What Does It Mean to Lead with Hope?

Leading with hope means inspiring others to believe in a better future. It involves creating a vision of what could be and communicating that vision in a way that energises and motivates people. Hopeful leaders inspire others to act, even in the face of challenges and obstacles.

The Importance of Leading with Hope

Leading with hope is essential for several reasons. First, it helps to create a positive and optimistic culture within your team. When people are hopeful, they are more likely to work collaboratively and support each other. This, in turn, leads to higher levels of engagement and productivity.

Second, leading with hope helps to create a sense of purpose and meaning for your team. When people believe in a better future, they are more likely to feel that their work has meaning and is contributing to something larger than themselves.

Finally, leading with hope is essential for achieving long-term success. When your team believes in a better future, they are more likely to be resilient in the face of challenges and setbacks. This resilience and determination are critical for achieving long-term goals and overcoming obstacles along the way.

Now that we understand why leading with hope is essential, let’s explore some practical tips for how to do so effectively.

1. Create a Compelling Vision

The first step in leading with hope is to create a compelling vision of the future. This vision should be inspiring and ambitious, but also realistic and achievable. You should communicate this vision in a way that resonates with your team and helps them to see how their work contributes to this larger goal.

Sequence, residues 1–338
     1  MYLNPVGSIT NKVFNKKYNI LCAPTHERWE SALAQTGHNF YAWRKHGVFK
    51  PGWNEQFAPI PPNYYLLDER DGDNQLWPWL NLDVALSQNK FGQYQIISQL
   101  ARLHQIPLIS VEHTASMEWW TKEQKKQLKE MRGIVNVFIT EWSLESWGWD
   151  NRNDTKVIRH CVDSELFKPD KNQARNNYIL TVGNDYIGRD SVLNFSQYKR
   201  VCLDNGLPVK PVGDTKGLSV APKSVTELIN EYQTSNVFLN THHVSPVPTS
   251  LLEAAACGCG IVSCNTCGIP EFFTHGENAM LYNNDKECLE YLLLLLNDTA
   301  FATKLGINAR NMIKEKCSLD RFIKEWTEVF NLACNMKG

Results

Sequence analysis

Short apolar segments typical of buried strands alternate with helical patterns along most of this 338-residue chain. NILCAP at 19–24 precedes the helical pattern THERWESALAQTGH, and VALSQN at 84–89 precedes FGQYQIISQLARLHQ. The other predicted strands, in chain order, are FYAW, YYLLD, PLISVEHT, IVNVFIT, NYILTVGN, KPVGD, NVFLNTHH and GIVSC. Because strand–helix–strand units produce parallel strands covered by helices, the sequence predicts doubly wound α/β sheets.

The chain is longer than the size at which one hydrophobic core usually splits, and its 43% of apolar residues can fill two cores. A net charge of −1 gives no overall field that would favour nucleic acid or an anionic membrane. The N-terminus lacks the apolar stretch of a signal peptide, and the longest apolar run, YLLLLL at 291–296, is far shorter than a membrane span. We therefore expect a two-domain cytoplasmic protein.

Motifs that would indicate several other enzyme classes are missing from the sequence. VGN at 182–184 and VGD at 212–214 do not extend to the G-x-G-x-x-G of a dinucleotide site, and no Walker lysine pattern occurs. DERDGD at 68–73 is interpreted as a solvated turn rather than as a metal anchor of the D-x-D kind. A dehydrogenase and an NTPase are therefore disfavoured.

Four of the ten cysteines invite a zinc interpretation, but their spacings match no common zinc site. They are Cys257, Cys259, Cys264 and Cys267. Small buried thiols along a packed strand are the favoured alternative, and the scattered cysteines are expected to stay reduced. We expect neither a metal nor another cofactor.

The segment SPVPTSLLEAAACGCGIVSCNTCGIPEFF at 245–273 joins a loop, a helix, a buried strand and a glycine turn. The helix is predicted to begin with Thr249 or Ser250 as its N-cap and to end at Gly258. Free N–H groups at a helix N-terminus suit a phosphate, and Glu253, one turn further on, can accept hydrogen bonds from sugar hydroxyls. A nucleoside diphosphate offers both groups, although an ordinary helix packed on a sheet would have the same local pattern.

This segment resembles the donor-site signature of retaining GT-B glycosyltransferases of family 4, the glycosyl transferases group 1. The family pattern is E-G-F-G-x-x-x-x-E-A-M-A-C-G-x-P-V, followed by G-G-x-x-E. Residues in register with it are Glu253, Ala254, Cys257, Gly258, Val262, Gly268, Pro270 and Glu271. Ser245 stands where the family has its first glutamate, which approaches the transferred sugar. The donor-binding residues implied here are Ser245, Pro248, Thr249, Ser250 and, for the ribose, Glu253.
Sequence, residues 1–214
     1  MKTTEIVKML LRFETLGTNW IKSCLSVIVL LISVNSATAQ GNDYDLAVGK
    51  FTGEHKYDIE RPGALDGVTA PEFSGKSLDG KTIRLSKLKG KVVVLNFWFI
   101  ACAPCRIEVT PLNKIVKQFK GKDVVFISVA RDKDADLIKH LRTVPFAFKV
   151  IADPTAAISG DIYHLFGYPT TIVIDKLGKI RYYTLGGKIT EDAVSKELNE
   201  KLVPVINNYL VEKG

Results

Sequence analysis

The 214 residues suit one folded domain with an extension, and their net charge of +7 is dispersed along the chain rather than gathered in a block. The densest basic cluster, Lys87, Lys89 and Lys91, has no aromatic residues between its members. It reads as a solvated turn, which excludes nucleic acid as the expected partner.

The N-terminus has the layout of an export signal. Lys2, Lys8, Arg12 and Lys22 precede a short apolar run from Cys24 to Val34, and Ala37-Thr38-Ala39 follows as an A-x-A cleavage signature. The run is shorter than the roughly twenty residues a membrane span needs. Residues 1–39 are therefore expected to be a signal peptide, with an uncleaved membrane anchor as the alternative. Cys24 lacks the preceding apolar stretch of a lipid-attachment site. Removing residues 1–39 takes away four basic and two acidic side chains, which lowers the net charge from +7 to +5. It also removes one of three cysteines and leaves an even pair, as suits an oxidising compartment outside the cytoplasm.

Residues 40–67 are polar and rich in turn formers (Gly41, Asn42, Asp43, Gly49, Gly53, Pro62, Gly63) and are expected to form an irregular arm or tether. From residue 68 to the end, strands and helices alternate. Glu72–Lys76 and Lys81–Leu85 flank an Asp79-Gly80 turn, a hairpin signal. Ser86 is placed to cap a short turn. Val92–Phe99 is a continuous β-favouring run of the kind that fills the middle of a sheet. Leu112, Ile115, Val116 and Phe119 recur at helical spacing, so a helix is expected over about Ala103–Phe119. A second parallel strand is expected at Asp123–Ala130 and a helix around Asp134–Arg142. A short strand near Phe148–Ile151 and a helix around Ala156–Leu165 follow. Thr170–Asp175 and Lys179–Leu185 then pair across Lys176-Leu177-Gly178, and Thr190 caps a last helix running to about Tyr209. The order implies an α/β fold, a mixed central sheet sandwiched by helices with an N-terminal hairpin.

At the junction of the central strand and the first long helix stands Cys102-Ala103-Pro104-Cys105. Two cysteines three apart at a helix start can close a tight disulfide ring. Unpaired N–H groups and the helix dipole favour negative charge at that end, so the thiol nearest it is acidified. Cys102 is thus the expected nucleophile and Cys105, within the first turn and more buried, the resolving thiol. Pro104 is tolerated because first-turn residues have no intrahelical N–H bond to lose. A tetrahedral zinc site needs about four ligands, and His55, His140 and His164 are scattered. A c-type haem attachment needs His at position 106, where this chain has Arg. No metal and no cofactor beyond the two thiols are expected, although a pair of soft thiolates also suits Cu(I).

2. Communicate Effectively

Leading with hope requires effective communication. You should communicate your vision clearly and consistently, using language that is positive and optimistic. You should also be transparent about challenges and obstacles, but always focus on the opportunities and solutions. 

3. Celebrate Successes

As you work towards your vision, it is essential to celebrate successes along the way. This helps to build momentum and reinforces the belief that your team can achieve their goals. Celebrating successes also helps to create a positive and optimistic culture within your team.

4. Be Resilient

Leading with hope requires resilience. There will be challenges and setbacks along the way, but it is essential to remain optimistic and focused on the opportunities ahead. You should also be willing to adapt and change course as needed to achieve your goals.

5. Lead by Example

Finally, leading with hope requires leading by example. You should model the behaviour and attitudes that you want to see in your team. This includes being positive, optimistic, and resilient in the face of challenges.